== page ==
Motivation: High-throughput protein interaction detection methods are strongly affected by false positive and false negative results. Focused experiments are needed to complement the large-scale methods by validating previously detected interactions but it is often difficult to decide which proteins to probe as interaction partners. Developing reliable computational methods assisting this decision process is a pressing need in bioinformatics. Results: We show that we can use the conserved properties of the protein network to identify and validate interaction candidates. We apply a number of machine learning algorithms to the protein connectivity information and achieve a surprisingly good overall performance in predicting interacting proteins. Using a 'leave-one-out' approach we find average success rates between 20 and 40% for predicting the correct interaction partner of a protein. We demonstrate that the success of these methods is based on the presence of conserved interaction motifs within the network.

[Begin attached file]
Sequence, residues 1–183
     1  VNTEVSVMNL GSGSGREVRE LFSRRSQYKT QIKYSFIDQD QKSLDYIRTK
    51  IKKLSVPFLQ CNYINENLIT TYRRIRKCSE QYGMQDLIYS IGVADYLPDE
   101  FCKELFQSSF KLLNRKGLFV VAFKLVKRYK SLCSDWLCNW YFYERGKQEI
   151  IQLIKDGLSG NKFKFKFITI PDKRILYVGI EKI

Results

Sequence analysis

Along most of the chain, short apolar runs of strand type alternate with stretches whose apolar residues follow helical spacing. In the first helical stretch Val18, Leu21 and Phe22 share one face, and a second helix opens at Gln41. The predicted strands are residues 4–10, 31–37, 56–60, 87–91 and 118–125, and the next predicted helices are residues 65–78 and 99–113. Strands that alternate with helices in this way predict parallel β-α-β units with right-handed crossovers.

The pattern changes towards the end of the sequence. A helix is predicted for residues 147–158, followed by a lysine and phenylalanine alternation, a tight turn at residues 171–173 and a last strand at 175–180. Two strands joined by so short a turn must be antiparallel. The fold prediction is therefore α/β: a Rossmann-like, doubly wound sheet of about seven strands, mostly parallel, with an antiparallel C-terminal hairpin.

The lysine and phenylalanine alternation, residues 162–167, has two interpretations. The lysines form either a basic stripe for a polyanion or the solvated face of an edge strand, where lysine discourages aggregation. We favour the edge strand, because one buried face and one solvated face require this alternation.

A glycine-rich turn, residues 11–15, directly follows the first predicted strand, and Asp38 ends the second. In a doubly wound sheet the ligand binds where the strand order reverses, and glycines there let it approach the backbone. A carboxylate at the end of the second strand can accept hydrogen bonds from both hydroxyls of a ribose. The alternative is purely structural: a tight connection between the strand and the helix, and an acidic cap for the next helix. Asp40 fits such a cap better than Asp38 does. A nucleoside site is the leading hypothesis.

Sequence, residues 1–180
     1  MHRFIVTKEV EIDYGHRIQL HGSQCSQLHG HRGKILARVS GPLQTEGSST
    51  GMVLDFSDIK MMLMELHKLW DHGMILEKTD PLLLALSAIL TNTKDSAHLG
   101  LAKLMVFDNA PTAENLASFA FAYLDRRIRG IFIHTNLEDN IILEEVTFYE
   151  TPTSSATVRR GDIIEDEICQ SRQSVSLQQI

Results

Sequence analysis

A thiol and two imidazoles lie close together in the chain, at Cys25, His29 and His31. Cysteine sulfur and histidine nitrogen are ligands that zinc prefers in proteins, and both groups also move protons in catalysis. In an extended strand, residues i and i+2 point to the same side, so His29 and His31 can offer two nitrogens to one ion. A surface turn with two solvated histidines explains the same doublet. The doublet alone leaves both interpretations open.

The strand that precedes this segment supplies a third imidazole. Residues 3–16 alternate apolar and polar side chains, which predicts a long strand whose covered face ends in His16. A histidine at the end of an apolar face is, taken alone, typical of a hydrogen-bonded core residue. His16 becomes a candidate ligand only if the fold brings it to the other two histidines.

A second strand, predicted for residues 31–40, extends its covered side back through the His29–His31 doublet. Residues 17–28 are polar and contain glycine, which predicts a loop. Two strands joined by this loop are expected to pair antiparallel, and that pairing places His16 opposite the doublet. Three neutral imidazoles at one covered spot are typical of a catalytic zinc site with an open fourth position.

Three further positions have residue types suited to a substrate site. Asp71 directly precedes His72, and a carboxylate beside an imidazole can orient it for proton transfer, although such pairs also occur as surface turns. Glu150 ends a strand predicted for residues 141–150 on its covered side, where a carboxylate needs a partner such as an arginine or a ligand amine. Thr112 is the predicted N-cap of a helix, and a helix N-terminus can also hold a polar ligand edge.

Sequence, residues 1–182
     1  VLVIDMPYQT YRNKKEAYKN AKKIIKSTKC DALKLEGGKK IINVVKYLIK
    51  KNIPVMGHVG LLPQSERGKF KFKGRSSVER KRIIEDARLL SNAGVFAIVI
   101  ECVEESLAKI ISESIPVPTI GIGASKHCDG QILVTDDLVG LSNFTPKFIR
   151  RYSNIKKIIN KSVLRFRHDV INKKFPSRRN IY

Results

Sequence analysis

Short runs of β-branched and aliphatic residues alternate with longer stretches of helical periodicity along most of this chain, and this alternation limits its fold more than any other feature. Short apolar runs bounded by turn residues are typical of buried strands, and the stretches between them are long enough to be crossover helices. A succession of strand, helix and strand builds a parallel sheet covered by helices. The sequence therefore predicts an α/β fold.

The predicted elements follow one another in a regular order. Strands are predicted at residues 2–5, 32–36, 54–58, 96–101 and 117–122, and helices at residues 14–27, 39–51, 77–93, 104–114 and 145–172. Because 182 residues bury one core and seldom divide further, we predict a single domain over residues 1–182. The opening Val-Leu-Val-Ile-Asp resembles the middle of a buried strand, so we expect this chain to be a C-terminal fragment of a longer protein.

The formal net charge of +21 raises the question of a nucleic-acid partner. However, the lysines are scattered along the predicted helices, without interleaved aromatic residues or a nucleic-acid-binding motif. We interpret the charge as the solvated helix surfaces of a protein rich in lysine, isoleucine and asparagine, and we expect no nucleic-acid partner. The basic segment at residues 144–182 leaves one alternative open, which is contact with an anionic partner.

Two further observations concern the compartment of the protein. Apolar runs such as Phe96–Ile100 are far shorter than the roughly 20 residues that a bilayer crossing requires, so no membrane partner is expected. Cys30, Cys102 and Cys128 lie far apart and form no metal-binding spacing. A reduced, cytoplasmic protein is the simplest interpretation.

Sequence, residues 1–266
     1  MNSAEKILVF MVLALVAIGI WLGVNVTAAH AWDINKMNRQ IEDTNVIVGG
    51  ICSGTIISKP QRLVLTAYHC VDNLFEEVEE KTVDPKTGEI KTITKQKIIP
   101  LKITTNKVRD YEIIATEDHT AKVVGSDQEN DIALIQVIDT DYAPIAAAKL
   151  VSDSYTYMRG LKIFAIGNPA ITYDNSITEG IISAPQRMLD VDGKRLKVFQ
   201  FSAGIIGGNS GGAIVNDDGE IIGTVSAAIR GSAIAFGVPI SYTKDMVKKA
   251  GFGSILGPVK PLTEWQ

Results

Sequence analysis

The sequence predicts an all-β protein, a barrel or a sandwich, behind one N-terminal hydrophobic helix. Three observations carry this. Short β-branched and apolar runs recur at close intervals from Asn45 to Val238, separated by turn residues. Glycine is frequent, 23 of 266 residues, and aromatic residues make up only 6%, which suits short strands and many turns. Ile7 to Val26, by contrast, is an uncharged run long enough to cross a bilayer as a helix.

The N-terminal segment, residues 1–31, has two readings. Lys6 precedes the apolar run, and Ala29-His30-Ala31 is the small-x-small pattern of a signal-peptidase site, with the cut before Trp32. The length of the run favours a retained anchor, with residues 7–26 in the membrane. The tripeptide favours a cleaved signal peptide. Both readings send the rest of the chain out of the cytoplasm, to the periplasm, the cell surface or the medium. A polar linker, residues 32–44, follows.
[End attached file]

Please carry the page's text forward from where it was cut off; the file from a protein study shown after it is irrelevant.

All Science Journal Classification (ASJC) codes
- Statistics and Probability
- Molecular Biology
- Computer Science Applications
- Computational Theory and Mathematics
- Computational Mathematics